Women exploring their sexuality was spoken about in society and whilst the TV programme Sex in The City was bringing this to the forefront of the media, in reality there was still a real imbalance. My background is PR; I began in financial PR and then followed up with entertainment PR, during which I witnessed a very male-dominated adult industry offering nowhere for women to go to explore their sexuality and feel in control within a safe environment.  We were still living in this patriarchal society and I felt passionately that something had to change. So, what started as a few parties years before social media, female-focused apps and femaleled campaigns like #Metoo has now grown into a global movement that empowers both women and men online and offline. I couldn’t have foreseen just how current the business model would be in 2019, as an established brand in the sex and sextech sector, it’s so interesting right now.  What we’ve seen coming out of the #MeToo movement is the real need for an attitude shift, one that is so positive for women, as behaviours are changing to accommodate female thinking like never before in business and My goal is to provide the world’s biggest female empowerment brand both on and offline that brings the sexual liberation of women to the mainstream…the modernisation of womanhood.

What are the key elements of a successful crowdfunding? 

For the wearekk brand portfolio, consiting now of Killing Kittens, Safedate and Sistr there were three key elements;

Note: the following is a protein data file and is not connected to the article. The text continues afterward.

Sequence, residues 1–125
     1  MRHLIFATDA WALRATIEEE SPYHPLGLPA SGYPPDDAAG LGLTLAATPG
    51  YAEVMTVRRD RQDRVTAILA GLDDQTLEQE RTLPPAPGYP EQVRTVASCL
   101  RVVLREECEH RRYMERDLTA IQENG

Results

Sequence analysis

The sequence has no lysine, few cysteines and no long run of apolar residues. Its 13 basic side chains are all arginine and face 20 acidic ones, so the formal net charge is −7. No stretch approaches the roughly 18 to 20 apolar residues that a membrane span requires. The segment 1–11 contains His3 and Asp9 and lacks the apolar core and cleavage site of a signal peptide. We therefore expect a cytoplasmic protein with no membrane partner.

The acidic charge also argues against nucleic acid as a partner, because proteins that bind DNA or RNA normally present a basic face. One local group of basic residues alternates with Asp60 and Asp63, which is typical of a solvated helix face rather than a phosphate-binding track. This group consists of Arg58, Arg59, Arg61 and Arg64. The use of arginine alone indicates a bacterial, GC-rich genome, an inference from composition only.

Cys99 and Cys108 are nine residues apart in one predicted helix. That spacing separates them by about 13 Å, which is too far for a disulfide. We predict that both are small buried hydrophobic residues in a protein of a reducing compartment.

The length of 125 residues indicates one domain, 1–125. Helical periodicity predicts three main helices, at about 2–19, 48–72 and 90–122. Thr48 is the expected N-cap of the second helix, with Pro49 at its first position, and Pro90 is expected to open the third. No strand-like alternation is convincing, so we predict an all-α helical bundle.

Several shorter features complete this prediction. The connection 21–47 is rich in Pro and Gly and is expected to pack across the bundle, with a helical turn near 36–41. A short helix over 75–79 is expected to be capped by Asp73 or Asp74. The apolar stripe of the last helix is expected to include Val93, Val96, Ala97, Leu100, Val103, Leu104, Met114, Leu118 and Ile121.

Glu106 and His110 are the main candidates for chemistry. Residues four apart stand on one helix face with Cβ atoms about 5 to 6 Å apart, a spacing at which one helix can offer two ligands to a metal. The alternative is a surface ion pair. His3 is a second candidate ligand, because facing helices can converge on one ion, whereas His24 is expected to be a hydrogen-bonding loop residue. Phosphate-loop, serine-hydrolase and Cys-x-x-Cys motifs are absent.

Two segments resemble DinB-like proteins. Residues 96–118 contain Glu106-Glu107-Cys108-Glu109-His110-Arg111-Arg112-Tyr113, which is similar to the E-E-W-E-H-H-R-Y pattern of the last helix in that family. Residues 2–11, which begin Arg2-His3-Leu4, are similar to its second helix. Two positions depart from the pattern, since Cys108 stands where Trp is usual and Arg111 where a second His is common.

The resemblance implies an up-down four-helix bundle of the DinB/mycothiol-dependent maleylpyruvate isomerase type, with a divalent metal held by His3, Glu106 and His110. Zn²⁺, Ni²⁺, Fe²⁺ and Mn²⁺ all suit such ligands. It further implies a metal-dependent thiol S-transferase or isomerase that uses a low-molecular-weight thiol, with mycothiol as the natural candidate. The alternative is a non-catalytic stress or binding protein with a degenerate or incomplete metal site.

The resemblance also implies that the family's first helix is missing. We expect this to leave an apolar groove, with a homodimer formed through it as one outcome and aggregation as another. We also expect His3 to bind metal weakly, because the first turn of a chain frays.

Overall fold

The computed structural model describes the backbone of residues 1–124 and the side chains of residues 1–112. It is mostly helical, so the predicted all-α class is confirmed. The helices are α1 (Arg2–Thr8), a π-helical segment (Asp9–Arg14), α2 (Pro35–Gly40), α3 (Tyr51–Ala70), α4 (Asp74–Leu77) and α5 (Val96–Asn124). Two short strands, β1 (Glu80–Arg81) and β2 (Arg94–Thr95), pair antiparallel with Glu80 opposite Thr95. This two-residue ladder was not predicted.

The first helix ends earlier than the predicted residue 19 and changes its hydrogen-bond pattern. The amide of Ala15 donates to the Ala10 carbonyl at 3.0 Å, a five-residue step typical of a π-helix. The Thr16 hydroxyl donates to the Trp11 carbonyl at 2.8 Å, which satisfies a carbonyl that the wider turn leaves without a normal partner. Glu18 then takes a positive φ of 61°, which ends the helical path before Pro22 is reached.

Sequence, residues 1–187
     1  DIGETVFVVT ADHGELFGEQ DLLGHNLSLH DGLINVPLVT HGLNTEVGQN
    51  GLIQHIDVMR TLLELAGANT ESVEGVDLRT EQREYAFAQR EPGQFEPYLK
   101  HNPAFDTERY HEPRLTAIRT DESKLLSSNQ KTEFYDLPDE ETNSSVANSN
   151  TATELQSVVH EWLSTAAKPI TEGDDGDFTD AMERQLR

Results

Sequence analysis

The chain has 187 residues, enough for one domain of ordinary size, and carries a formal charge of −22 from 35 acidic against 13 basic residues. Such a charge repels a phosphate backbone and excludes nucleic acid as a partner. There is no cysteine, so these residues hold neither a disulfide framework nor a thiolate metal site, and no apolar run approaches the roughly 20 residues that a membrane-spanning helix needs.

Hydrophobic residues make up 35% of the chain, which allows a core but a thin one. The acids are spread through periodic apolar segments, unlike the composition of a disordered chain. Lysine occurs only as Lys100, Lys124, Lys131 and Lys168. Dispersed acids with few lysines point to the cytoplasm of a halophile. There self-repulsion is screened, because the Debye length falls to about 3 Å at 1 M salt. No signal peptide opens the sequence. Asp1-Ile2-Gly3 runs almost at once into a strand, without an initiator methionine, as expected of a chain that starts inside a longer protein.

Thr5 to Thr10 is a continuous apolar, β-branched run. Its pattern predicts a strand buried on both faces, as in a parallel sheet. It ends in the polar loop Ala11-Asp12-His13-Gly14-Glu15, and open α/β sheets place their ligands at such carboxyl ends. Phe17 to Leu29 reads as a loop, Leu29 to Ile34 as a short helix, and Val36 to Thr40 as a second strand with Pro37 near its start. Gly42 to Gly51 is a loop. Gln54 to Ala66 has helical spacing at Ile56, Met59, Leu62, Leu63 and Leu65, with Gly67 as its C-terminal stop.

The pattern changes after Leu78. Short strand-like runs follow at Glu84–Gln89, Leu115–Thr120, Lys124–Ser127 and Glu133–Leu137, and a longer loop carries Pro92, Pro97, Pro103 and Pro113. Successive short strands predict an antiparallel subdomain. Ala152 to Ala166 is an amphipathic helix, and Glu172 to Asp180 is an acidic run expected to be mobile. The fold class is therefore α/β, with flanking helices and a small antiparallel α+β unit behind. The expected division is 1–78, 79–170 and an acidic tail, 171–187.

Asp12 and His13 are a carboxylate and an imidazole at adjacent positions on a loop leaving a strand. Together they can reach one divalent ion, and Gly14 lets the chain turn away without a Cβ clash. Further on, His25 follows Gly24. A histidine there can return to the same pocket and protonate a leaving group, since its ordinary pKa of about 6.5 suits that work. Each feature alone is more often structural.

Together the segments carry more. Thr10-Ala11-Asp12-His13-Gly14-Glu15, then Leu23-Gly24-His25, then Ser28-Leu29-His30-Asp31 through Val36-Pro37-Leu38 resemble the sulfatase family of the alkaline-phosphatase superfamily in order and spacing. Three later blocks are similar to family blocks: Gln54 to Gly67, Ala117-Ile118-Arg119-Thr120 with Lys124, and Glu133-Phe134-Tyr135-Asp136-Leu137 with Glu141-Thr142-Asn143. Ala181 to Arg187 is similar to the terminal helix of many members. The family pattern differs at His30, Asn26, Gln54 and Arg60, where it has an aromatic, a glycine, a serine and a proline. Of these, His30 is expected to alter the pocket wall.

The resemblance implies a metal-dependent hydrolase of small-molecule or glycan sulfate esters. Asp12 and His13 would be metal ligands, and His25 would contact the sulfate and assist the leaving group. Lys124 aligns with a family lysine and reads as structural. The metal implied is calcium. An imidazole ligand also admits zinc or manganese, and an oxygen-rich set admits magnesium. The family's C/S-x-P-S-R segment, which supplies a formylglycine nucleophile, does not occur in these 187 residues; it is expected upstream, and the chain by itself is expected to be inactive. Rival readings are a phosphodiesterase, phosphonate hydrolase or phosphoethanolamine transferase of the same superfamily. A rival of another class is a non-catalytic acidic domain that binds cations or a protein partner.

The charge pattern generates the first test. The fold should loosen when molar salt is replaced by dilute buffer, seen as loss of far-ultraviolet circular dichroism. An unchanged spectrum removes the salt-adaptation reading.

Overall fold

1. Timing:  Ensure you have the time available to support the process, alongside the hands-on and day to day of your actual job! 
  2. Valuation:  Find a balance between not wanting to give away too much equity, with creating a ‘good deal’ for investors.  As my initial raise was a brand new area for me, I relied heavily on my close team for reassurance when making the final decision to crowdfund versus accepting private funding
  3. Patience:  You must have it!   We launched a first phase of our crowdfund campaign privately, to our community, by the end of day one we closed at 70% funded.  From there we turned to the Seedrs platform and watched the clock tick.  Just 28 days later we’d smashed through our target.  However, the 28 days was a challenge…I questioned myself constantly; ‘have we got this right’, ‘why taking so long to raise…did I get that wrong,’ and so on.  In the end, I found another challenge when had to say stop!  No more investors, please.  I have felt truly humbled by the process.

If I were to start the campaign again…

…Isn’t hindsight a wonderful thing, luckily, we successfully raised.  There are always small things we would change, but nothing of any real significance.  I think it was exactly the right campaign for our first raise. 

Did you start all by yourself?

I started the business alone, just me.  What began as a few parties, years before social media, female-focused apps and femaleled campaigns like #Metoo, has now grown into a global movement of over 120,000 people that empowers both women and men online and offline.